(2) more than \1/4\ of all members of the United States Marine Corps to receive the decoration during World War II;

Whereas the secured airfields on Iwo Jima became emergency landing locations for 2,400 B–29 Bombers, saving the lives of an estimated 24,000 flight crewmen; 

Whereas, 160 days after the end and victory of the pivotal Battle of Iwo Jima, the United States received the unconditional surrender of Japan on September 2, 1945; 

Whereas the world owes a debt of gratitude to the members of the United States Marine Corps who selflessly led the fight for the strategic island of Iwo Jima in the middle of the Pacific theater; and

Whereas, on March 28, 2020, the 75th anniversary of the Battle of Iwo Jima will be marked by commemorative events on the island of Iwo Jima organized by the people of the United States and Japan: Now, therefore, be it

Resolved, That the Senate—

(1) recognizes the 75th anniversary of the amphibious landing on the Japanese island of Iwo Jima that began on February 19, 1945 and ended on March 26, 1945;

(2) commemorates the iconic and historic raisings of the flag of the United States on Mount Suribachi that occurred on February 23, 1945;

(3) honors the marines, sailors, soldiers, army air crew, and coast guardsmen who fought bravely on Iwo Jima, including the thousands of Japanese soldiers who defended the island;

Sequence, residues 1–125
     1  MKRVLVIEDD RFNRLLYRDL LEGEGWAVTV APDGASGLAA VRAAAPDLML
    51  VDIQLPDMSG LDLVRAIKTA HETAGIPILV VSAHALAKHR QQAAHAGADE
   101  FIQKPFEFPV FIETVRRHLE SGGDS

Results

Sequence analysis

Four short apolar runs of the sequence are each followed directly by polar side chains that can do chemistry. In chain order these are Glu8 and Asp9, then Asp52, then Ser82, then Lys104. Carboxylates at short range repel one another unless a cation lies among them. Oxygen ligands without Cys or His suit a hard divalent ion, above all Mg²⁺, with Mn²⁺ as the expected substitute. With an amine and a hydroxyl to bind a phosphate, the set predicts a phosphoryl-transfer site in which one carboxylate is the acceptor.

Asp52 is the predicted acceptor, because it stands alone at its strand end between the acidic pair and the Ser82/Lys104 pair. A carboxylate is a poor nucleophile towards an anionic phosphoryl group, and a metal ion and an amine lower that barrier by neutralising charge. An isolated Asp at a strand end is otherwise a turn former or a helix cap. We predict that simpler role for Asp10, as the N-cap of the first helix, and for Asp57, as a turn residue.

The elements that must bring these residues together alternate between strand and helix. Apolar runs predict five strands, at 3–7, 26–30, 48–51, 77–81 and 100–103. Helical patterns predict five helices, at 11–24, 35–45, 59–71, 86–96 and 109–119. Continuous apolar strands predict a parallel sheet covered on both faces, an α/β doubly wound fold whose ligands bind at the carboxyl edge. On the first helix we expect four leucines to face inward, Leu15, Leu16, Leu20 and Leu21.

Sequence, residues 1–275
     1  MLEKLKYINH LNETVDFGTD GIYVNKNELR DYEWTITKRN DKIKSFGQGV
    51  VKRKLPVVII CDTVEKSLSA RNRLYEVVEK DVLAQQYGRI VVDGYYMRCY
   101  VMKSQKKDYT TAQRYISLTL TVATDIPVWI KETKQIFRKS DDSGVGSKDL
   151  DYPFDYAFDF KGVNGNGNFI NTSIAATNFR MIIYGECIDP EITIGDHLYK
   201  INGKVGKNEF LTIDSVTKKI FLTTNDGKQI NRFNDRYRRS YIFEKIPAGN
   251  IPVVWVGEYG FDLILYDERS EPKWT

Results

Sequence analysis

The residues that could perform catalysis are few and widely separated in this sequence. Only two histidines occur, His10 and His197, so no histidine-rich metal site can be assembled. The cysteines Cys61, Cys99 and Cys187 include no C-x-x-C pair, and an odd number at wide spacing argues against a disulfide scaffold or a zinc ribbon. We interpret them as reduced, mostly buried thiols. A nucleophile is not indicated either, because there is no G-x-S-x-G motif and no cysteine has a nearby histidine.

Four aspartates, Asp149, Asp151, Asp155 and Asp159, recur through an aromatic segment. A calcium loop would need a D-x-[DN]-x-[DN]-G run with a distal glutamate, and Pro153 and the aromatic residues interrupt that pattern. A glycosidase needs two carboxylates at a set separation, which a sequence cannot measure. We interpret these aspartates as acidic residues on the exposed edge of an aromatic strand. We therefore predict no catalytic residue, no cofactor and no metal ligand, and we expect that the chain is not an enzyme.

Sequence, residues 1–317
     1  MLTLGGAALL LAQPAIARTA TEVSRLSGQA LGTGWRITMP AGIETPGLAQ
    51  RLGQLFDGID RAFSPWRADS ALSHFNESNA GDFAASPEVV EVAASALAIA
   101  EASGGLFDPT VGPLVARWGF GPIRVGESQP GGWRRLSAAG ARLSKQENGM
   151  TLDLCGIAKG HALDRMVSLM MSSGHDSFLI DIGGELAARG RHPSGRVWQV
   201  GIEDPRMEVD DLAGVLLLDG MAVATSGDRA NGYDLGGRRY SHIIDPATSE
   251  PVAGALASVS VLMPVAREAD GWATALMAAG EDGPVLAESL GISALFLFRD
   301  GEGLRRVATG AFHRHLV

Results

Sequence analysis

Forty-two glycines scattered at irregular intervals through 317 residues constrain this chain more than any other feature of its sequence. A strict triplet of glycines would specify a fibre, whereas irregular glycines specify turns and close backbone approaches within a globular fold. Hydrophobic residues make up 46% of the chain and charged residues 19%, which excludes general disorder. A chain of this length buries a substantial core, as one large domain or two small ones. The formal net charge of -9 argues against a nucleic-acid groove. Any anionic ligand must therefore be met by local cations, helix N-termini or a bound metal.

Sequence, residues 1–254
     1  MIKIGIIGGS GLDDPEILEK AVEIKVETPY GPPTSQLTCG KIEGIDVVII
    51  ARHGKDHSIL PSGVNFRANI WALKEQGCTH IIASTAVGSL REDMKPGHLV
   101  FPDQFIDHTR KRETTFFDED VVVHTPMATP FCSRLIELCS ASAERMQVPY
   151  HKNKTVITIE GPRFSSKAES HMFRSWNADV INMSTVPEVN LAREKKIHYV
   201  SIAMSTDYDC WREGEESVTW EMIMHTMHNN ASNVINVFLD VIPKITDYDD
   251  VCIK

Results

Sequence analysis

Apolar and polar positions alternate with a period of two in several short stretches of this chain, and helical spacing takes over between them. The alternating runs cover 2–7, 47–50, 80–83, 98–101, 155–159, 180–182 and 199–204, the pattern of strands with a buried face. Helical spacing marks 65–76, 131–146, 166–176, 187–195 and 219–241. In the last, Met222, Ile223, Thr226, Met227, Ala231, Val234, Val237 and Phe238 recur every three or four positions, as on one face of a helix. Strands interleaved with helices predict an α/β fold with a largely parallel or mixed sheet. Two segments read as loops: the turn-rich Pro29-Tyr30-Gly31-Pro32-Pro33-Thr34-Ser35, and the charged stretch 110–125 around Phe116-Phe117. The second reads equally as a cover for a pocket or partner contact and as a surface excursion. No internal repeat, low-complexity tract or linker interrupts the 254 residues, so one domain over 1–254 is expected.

(4) remembers and venerates the service members who gave their last full measure of devotion on the battlefield;

(5) recognizes the Allied victory in the Battle of Iwo Jima, which— 

          (A) was led by the United States Marine Corps; and

          (B) made the defeat of the Empire of Japan in World War II possible;

(6) affirms the immortal words of Admiral Chester Nimitz, who stated that “uncommon valor was a common virtue” among the service members of the United States who fought on Iwo Jima; 

(7) reaffirms the bonds of friendship between the United States and Japan;

(8) encourages the people of the United States to honor the veterans of the Battle of Iwo Jima with appropriate programs, ceremonies, and activities; and

(9) honors the service and sacrifice of the men and women who serve the United States today, carrying on the proud tradition of the individuals who came before them. 

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WASHINGTON – Today, the U.S. Senate passed the Great American Outdoors Act, a bill championed by U.S. Sen. Mark R. Warner (D-VA) that would address the $12 billion maintenance backlog at National Park Service (NPS) sites across the country and permanently fund the Land and Water Conservation Fund (LWCF). The bipartisan legislation includes Sen. Warner’s Restore Our Parks Act, which would help tackle the $1.1 billion in deferred maintenance at Virginia’s national parks and create up to 10,340 jobs in the Commonwealth alone. The bill now heads to the House of Representatives for approval.